As I write, my home in central Oklahoma is experiencing the earliest and most severe ice storm in history -- by far the earliest and most severe. It is the earliest because it is only October 27th, 2020. Ice here is usually polite enough to wait until December or January. It is the most severe because leaves are still on the trees. The air aloft is October warm, but a small pocket of cold air has invaded the surface, rolling down east of the Rockies from the Arctic. The precipitation falls as rain, but objects such as trees, power lines and traffic signs are all right at the freezing line. Raindrops hit them and slowly begin to solidify, like stalactites in a cave caused by the drip drip drip of underground water. Slowly throughout the night the ice grows thicker, while the streets remain only wet, because the ground temperature is well above freezing. But the ice is relentless.
The date is astounding -- October 27. The leaves on most trees have not even begun to turn but are now coated with ice, increasing the weight exponentially. This morning the strain on the ancient oaks surrounding my property grew unbearable, and the majestic trees began to explode like canon fire. One huge tree would crack, then another, then another, and on and on throughout the morning. The window to the room in which I write is now blocked by the bulk of an oak that has fallen like a dying whale. The Foster hollies surrounding my house have bent over to the ground like supplicants. Their roots have popped free of the soil, exposed to the elements. Every five minutes or so, another huge limb explodes and crashes to the ground. And the rain keeps falling, freezing, and the trees continue descending.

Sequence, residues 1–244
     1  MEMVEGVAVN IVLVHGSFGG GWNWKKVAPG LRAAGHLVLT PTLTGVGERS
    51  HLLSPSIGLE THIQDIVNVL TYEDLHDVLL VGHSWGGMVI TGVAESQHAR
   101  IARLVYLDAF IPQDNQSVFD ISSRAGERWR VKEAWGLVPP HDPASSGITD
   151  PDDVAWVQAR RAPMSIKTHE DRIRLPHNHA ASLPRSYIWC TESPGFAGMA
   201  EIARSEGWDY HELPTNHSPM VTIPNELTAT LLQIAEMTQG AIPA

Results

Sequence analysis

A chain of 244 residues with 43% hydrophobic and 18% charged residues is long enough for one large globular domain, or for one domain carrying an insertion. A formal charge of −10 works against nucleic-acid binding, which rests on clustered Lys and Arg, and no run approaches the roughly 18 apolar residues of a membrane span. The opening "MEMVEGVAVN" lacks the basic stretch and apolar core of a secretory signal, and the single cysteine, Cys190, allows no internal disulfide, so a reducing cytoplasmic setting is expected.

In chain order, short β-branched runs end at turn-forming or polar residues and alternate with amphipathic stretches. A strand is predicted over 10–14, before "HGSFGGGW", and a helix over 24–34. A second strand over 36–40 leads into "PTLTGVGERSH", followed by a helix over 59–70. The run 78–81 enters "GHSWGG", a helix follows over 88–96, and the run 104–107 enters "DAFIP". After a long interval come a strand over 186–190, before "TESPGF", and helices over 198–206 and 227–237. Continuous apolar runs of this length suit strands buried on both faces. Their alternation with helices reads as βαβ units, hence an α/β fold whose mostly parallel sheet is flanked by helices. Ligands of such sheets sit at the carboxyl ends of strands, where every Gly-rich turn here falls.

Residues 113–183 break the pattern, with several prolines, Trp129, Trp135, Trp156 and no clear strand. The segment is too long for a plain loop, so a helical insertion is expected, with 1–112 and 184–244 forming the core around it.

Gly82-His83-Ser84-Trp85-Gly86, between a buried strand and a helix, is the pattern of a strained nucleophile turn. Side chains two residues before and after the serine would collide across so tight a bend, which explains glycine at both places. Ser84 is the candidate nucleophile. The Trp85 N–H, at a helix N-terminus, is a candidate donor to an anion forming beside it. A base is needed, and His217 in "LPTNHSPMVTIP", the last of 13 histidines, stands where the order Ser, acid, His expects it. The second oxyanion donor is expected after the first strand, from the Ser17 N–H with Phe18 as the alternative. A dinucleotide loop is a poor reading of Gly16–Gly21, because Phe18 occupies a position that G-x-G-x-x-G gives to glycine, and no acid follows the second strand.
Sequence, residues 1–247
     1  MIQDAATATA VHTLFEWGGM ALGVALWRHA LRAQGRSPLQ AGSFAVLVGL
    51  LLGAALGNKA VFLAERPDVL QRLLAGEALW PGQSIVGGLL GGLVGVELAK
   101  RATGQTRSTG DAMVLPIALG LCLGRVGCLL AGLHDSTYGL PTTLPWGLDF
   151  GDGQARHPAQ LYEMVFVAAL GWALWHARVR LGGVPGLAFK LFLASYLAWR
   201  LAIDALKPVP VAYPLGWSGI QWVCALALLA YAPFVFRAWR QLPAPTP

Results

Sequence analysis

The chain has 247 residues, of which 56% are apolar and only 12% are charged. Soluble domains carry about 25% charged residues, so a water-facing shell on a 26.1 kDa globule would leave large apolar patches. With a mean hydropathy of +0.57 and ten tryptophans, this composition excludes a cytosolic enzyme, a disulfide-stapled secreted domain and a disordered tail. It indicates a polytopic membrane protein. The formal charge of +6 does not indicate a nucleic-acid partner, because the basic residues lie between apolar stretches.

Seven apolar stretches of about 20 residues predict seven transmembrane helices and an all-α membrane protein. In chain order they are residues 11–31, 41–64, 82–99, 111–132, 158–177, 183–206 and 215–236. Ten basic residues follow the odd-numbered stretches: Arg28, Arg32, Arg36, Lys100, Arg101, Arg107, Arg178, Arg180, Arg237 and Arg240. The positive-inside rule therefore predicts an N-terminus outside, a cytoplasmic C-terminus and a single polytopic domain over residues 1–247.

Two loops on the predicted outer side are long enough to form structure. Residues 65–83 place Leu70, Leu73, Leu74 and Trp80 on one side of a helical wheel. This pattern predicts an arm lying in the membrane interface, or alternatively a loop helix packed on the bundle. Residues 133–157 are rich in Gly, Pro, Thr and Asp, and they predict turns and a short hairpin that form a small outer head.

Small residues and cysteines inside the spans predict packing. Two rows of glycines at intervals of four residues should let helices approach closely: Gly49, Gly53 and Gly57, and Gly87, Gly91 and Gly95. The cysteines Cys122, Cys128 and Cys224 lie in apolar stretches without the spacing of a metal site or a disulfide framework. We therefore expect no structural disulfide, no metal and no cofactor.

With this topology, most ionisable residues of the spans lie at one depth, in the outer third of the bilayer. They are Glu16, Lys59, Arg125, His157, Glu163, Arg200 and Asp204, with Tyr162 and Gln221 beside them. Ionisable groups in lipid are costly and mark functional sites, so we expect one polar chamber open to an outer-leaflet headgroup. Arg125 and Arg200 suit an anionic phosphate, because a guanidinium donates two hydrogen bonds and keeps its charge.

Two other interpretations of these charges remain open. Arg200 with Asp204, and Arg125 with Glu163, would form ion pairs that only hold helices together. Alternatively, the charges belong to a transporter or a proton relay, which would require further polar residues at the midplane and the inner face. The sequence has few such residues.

Following is an image, taken with the author's iphone, of one tree in front of his house.
This ancient oak stood hundreds of years before the house was constructed. It is but one of many that have succumbed to the elements this day.
The sound of each cracking tree is as painful as losing a close relative, and your author is fearful that something will fall on his house. If he did not before, he certainly now knows a thing or two about violent changes in the weather. But we plunge forward, mindful of life's inequities and iniquities, because we have nothing better to do -- at least until it stops raining.
The images that follow run from south to north and are conveniently (the author hopes) located on a map that follows each section.